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Highlights from this issue
  1. R Mark Beattie
  1. Southampton Children's Hospital, Southampton SO16 6YD, UK
  1. Correspondence to Professor R Mark Beattie, Southampton Children's Hospital, Southampton SO16 6YD, UK; Mark.beattie{at}

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Moving forward post pandemic - BSG Live 2022

Please read and enjoy this special edition of Frontline Gastroenterology put together to celebrate BSG live 2022 with the overarching theme – Moving forward post pandemic. The content reflects the breadth and strength of our speciality with first class reviews written by speakers from, and linked to content at the meeting.

Greener gastroenterology

We have rightly started with a summary of the BSG Climate Change and Sustainability Strategy written by Andrew Veitch, the next BSG president (see page e3) . Of course, moving forward is about practicalities and for Green Endoscopy there is an excellent summary from Leigh Donnelly including practical tips about things you can do to make things better – many are ‘easy wins’, which are such powerful motivators to bring the team together to develop an effective long-term strategy (see page e7) .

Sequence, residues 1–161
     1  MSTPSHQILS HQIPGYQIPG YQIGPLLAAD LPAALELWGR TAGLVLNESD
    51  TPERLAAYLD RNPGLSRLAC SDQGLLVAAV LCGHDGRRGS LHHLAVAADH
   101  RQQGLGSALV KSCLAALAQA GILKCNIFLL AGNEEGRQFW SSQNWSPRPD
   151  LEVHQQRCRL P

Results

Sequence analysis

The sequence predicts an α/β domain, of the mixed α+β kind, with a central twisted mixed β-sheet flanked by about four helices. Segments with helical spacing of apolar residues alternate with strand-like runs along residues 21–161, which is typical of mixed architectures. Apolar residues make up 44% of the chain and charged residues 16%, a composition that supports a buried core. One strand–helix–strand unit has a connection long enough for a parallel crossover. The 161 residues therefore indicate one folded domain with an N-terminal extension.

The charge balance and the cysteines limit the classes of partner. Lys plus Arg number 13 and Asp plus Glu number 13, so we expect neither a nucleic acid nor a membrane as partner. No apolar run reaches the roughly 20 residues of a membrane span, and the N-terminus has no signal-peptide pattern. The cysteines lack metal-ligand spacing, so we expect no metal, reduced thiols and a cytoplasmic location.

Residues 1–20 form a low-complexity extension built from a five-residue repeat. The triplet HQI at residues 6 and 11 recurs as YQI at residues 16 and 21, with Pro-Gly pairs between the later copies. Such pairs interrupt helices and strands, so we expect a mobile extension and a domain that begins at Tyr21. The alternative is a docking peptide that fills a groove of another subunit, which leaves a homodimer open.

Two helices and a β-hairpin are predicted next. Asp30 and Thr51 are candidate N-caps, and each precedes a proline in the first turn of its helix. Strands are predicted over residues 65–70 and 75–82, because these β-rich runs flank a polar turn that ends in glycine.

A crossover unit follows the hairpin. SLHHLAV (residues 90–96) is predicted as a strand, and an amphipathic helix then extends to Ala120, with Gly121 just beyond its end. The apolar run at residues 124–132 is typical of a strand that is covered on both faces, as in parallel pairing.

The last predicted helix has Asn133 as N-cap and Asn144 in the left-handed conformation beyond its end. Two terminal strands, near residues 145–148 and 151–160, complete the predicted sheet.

The microbiome

The gut microbiota play an important role in maintaining gut health through a symbiotic relationship with the host. Altered gut microbiota is a common feature of gut disease. However, understanding the development and function of the gut microbiota in health and the role in the inflammatory response is more complex. Sheena Cruickshank and colleagues review this in detail using Inflammatory Bowel Disease and Necrotising Enterocolitis as examples both of which demonstrate common features of gut microbial dysbiosis and a dysregulated immune response. In comparing and contrasting these two diseases, common features are highlighted. It is clear from the discussion of recent advances and key areas of interest that the challenge of identifying a causal relationship between the microbiota and specific diseases is ever present but might potentially give us better insight into shared mechanistic pathways and better treatments longer term (see page e13) .

Inflammatory Bowel Disease